Understand the difference between sustainability, ESG and CSR reporting. We’ve made it simple with our basic guide!
Today’s alphabet soup of sustainability jargon and buzzwords is a challenge to navigate. ‘Sustainability,’ ‘ESG’ and ‘CSR’ are often confused and used interchangeably despite having different contextual implications. While there is a considerable overlap in definitions and scopes, replacing one of these key terms with another is inaccurate and misleading.
Let’s unpack these terms…
Sustainability: officially defined in the 1987 United Nations (UN) Brundtland Commission as “meeting the needs of the present without compromising the ability of future generations to meet their own needs.” This is the most widely recognized definition of sustainability but can be defined differently depending on context.
Within the business context, sustainability refers to the act of balancing three interconnected pillars: environmental, social and economic. Considering these three pillars, a key endeavor in corporate sustainability is to manage an enterprise in the long term without causing extensive damage to the environment or adopting socially harmful practices.
- The environmental pillar encompasses practices and actions that aim to minimize negative impact on natural ecosystems, support biodiversity and maintain or restore natural resources and climatic cycles.
- The social pillar includes meeting the needs of, supporting and engaging with stakeholders, including communities, employees and consumers.
- The economic pillar seeks to meet the needs of the company by managing risks, maintaining profitability and enhancing resilience.
ESG: a framework that helps measure a company’s sustainability and societal impact, using metrics that matter to stakeholders, particularly investors. It encompasses environmental, social and governance factors that help evaluate a company’s risk exposure with the aim of improving investment decisions.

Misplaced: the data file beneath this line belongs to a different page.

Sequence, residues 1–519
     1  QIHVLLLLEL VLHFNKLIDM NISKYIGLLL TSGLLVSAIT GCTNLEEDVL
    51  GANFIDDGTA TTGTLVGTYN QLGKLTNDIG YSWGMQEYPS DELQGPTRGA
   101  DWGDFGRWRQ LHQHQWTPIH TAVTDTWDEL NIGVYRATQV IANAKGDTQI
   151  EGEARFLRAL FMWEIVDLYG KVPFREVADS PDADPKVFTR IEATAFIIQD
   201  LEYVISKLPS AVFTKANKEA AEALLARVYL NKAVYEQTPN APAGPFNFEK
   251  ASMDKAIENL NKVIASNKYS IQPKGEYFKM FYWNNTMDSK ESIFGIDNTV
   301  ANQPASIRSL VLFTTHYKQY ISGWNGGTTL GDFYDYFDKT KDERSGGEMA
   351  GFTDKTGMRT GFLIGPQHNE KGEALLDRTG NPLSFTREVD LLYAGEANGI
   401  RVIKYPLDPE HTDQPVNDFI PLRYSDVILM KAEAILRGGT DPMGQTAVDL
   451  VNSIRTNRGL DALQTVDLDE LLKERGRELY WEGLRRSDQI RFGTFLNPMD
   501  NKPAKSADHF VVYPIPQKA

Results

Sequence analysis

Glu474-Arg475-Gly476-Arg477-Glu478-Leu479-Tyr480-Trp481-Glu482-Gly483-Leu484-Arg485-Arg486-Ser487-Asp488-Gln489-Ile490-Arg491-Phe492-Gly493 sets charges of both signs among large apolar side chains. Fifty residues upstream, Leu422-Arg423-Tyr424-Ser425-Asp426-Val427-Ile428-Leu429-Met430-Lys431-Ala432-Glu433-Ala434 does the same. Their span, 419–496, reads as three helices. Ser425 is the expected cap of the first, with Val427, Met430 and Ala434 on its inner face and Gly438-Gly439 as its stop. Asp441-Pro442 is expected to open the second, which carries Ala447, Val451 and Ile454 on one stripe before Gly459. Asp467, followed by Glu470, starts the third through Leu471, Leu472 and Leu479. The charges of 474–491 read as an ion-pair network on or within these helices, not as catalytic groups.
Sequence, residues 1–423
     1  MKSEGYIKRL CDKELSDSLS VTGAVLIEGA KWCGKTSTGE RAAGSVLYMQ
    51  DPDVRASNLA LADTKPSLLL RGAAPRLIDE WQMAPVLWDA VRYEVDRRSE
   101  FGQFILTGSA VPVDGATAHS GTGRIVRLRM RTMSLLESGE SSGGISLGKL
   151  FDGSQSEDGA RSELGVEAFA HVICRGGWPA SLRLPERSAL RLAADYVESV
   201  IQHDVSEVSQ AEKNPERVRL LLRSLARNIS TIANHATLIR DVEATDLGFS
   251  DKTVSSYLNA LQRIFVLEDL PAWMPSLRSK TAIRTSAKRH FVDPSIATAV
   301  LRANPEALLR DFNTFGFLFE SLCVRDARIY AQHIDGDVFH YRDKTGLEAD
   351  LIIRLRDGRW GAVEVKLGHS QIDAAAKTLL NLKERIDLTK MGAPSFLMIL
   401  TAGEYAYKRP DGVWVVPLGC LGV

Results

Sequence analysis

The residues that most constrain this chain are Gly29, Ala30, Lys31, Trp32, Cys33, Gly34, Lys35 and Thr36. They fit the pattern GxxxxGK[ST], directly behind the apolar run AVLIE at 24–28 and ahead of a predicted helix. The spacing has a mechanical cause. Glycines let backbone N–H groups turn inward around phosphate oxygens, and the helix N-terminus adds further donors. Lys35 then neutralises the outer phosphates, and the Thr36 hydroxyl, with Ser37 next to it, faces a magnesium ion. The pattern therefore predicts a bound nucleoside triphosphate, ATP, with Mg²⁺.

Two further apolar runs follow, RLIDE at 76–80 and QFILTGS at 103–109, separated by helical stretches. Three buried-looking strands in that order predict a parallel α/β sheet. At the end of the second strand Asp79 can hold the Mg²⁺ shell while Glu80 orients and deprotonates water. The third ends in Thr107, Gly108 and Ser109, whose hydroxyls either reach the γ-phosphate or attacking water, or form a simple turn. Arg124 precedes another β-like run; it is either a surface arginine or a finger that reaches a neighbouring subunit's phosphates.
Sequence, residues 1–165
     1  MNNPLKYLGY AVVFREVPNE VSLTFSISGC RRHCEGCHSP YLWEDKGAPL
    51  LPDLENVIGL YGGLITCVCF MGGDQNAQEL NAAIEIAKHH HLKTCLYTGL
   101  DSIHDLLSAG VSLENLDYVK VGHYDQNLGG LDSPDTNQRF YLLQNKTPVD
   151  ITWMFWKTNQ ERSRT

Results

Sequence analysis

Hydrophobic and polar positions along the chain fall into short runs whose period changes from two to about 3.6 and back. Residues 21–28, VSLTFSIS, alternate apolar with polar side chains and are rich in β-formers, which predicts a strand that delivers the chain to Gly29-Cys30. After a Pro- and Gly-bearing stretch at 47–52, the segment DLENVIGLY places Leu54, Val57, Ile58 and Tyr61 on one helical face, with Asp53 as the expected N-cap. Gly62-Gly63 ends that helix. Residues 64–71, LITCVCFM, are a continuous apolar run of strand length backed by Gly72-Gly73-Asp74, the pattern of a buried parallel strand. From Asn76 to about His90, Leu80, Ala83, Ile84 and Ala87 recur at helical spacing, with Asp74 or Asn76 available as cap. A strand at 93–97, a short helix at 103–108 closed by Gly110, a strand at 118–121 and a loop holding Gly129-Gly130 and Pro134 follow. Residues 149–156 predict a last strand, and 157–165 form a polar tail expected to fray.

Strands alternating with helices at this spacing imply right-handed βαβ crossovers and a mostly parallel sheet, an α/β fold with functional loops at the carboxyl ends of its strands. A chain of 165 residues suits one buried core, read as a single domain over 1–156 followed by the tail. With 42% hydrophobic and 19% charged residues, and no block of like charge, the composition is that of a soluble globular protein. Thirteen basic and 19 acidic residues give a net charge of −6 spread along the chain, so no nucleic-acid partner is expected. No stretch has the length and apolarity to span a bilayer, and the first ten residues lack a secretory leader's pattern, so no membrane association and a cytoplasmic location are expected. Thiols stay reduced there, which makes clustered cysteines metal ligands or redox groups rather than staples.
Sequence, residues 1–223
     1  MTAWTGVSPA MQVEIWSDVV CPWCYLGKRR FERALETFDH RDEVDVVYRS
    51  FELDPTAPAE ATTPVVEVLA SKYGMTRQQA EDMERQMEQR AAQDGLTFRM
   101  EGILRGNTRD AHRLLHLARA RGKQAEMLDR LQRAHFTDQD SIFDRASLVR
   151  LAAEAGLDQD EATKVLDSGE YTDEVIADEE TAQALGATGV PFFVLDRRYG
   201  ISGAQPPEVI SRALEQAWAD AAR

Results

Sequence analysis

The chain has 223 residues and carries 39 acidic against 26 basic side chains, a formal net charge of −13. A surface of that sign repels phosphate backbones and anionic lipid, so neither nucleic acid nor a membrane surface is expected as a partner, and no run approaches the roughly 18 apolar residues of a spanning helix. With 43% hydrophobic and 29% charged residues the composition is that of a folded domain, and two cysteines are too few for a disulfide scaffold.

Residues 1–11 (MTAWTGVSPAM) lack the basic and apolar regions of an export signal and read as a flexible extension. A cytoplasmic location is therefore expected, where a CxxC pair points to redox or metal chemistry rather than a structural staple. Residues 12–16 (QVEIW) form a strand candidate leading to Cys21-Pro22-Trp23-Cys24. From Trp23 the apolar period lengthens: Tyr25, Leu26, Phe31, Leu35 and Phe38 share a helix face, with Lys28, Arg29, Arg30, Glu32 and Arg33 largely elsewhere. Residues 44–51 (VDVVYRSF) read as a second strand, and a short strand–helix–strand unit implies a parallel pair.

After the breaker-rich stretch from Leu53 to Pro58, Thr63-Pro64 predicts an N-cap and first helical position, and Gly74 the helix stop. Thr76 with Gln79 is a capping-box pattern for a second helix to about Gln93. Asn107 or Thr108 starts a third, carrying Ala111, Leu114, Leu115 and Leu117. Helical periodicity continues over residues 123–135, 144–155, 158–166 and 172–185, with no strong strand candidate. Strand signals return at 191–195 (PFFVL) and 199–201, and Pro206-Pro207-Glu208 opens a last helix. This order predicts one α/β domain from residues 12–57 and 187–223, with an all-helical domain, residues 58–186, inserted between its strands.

ESG is typically underpinned by a financial motivation by corporates and investors as they seek to improve the valuation of the business.
Incorporating ESG is critical for sustainability reporting and facilitates a structured process that involves conducting a materiality assessment, collecting insights from stakeholders, developing a measurable roadmap and set of key performance indicators (KPIs), setting goals and tracking progress.
CSR: a self-regulating business model promoting companies’ social accountability and engagement in volunteering or ethically-oriented practices. By practicing corporate social responsibility (CSR), companies can be more conscious of their impact on society.
To incorporate good CSR practices, businesses can consider improving its company culture, impact on the environment and relationship with the local community. They can then motivate their employees to be more engaged and become part of the solution.
According to the Corporate Governance Institute, what makes CSR distinct from ESG is its focus on informing stakeholders about the values and goals of the business, including corporate volunteering, reducing carbon footprint and engaging with charities.
Both CSR and ESG can be used by a company simultaneously. CSR provides a framework for the company to communicate internally with employees, while ESG provides measurable goals.
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